Bill Gates Says We Could Wipe At Least 4 Diseases Off The Face Of The Earth In The Next 15 Years


bill gates portraitBill and Melinda Gates' annual letter is out, and it includes some lofty predictions for the future - especially in the way of public health.


The letter, which spells out the Gates' hopes for the next 15 years, ambitiously predicts that by 2030 humans will have eradicated four diseases from Earth.

In all of human history, we've only managed to completely wipe out one: smallpox, which was declared eradicated by the World Health Organization (WHO) in 1980 following an aggressive global immunization campaign.

Now, with an arsenal of vaccines and other drugs becoming more widely available than ever, the Gates Foundation is confident we can wipe out four more in the next 15 years.

The letter isn't specific on exactly which four diseases those will be, although it strongly predicts two of them: polio and Guinea worm. Other possible candidates for eradication identified in the letter include elephantiasis, river blindness, and blinding trachoma.


"The drugs that can stop these scourges are now being donated in huge numbers by pharmaceutical companies, and they're being used more strategically thanks to advances in digital maps that show where diseases are most prevalent," the Gates letter claims.

"We can get polio out of Africa this year and out of every country in the world in the next several years," the letter states. Polio - short for poliomyelitis - is caused by a virus that invades the nervous system, causing fever, headaches, limb pain, and in some cases paralysis. There's no cure once you have it, but there is an effective vaccine to prevent it.

Polio VirusOnly three countries - Afghanistan, Nigeria, and Pakistan - remain polio-endemic, meaning that transmission of the disease is still common and sustained in those places. But the Centers for Disease Control and Prevention (CDC) report that some scattered cases also cropped in Cameroon, Equatorial Guinea, Ethiopia, Iraq, and Syria in 2014 for a total of 350 cases worldwide.

But the WHO reports that the incidence of polio is down by more than 99% since 1988. And with the Global Polio Eradication Initiative, which is supported by the Bill and Melinda Gates Foundation, still going strong, the Gates dream of global eradication may be within easy grasp.

Guinea worm is another disease specifically targeted in the Gates letter. The letter states: "Guinea worm, an incredibly painful disease whose sufferers spend months incapacitated while worms that can be several feet long burst out of their legs, will also be gone soon, thanks in large part to the leadership of President Jimmy Carter and the Carter Center."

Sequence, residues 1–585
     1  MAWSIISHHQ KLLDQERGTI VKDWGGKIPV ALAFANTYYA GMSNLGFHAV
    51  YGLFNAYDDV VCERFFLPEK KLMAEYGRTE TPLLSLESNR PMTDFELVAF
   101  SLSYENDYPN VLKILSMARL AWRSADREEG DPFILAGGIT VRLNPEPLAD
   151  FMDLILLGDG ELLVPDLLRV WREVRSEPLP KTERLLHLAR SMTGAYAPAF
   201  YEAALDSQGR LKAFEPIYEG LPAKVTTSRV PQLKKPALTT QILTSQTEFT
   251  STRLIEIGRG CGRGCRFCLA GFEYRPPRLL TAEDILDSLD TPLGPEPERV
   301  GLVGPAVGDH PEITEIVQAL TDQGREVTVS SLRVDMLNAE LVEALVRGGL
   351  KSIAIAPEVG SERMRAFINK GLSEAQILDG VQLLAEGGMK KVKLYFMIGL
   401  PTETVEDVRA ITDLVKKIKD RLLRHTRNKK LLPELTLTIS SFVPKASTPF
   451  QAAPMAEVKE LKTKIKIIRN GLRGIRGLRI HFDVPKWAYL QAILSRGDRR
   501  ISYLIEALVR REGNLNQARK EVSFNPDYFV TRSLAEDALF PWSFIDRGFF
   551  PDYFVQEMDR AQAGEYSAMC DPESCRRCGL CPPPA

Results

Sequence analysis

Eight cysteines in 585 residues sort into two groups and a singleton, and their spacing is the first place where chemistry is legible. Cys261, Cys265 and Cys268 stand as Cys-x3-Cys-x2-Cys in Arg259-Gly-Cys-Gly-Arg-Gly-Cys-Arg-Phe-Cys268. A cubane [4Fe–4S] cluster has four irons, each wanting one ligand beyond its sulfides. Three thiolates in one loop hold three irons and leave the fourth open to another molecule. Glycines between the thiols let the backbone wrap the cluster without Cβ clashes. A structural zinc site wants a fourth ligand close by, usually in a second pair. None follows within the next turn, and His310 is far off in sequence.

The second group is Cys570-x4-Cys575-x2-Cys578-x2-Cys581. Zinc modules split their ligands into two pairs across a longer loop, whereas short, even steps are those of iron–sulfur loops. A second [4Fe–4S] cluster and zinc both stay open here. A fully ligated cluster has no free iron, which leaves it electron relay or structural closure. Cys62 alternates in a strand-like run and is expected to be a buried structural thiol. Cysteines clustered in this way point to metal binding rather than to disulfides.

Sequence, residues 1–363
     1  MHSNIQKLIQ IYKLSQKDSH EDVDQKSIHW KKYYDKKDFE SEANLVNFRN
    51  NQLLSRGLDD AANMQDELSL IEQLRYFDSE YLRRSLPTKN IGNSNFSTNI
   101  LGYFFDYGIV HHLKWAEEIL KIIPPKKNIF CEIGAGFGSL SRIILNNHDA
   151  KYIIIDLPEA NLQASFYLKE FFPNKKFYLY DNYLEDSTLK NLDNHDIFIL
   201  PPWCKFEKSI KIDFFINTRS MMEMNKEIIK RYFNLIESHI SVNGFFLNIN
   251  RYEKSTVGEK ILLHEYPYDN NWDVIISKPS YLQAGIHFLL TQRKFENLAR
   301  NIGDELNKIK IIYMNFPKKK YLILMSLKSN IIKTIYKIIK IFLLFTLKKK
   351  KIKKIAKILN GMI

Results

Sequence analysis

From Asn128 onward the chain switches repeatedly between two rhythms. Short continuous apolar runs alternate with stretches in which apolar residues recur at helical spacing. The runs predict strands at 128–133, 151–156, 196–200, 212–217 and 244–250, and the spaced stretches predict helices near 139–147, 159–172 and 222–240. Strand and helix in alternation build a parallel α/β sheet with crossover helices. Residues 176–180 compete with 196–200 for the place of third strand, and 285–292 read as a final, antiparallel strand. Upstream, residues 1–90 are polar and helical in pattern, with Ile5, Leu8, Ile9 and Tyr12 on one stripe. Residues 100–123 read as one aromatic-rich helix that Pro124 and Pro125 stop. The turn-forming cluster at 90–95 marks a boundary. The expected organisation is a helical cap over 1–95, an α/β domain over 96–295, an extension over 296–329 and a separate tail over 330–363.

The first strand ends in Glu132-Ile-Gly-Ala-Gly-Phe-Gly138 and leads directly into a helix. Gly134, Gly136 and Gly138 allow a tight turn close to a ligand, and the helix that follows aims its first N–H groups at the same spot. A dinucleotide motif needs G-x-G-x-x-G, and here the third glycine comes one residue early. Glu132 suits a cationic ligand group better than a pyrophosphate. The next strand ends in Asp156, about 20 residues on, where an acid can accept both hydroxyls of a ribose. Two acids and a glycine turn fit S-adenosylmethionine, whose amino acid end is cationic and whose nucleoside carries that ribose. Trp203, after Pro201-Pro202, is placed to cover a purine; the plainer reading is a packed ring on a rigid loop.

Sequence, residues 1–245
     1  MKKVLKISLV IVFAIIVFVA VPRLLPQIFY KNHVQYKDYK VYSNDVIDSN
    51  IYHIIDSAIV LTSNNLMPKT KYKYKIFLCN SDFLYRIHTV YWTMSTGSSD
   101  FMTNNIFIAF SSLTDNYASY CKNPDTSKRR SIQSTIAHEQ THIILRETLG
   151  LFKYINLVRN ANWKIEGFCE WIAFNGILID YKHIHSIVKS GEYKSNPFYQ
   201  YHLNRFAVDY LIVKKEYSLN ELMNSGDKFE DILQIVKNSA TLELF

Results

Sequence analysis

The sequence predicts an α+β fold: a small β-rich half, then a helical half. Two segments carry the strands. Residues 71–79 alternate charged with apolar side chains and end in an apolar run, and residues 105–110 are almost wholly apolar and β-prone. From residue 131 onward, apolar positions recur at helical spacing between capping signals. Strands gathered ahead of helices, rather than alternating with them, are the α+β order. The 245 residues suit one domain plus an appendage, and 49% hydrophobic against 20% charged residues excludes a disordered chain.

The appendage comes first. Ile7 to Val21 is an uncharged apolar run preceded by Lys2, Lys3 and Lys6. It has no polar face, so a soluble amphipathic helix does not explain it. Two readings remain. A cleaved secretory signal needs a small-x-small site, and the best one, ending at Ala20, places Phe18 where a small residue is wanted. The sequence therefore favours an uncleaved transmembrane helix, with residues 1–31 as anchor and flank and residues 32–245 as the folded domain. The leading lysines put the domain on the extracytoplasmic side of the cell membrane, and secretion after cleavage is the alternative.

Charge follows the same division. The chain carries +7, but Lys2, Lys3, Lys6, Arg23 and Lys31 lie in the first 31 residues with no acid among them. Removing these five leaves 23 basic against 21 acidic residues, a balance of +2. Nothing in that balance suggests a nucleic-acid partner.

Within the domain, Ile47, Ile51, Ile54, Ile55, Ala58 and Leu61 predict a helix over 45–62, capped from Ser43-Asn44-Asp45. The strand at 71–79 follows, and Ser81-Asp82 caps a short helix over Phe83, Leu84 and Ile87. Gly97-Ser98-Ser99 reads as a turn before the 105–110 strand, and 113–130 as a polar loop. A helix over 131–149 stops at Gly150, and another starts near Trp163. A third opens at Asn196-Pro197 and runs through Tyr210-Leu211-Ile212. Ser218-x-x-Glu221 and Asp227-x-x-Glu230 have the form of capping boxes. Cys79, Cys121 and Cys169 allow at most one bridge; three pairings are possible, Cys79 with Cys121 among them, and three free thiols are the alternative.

The Carter Center's Guinea worm eradication program has existed since 1986. The disease itself is a bizarre and painful ordeal, caused by the roundworm Dracunculus medinisis. The parasite is usually contracted when the victim drinks stagnant, contaminated water. Once consumed, the Guinea worm can stay inside the body for up to a year and can grow to be several feet long.

Guinea wormEventually, it emerges from the body by popping out of the skin, a painful process that often drives victims to bathe themselves in bodies of water to relieve the burning sensation. When this happens, the adult worm can release its larvae and reinfect the water source.

Luckily, many public health experts agree that Guinea worm is on track to be the second disease after smallpox to be totally eradicated. Since the disease is easily diagnosed and can be controlled with simple interventions like clean-water campaigns, the WHO identifies it as an eradicable disease. In 2014, only 126 cases were reported worldwide. Country by country, it is disappearing - on January 15, Ghana became the latest country to be declared Guinea worm free.

According to an announcement by Carter at the American Museum Of Natural History last week, "we know everybody who has Guinea worm." Healthcare workers have those 126 people carefully isolated, so they shouldn't be able to infect anyone else.

There are a lot more diseases out there that need attention, but we are on the right track, Gates says.